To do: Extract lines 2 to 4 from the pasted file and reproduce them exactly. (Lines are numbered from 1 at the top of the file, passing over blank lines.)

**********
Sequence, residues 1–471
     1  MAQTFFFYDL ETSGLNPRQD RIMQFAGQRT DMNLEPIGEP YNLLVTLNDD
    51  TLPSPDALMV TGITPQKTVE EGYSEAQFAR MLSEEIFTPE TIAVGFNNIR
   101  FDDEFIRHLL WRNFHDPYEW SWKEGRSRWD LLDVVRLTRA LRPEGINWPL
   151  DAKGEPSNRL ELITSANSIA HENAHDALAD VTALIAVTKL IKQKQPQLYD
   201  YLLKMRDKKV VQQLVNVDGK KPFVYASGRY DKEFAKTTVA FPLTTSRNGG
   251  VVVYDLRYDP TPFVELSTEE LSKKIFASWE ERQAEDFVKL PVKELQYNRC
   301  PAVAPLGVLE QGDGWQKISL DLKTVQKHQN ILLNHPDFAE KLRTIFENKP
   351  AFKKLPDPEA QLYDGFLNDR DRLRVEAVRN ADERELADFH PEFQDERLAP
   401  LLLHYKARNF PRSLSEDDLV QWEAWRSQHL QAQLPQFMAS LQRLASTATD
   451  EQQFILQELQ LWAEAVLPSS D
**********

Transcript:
     1  MAQTFFFYDL ETSGLNPRQD RIMQFAGQRT DMNLEPIGEP YNLLVTLNDD
    51  TLPSPDALMV TGITPQKTVE EGYSEAQFAR MLSEEIFTPE TIAVGFNNIR
   101  FDDEFIRHLL WRNFHDPYEW SWKEGRSRWD LLDVVRLTRA LRPEGINWPL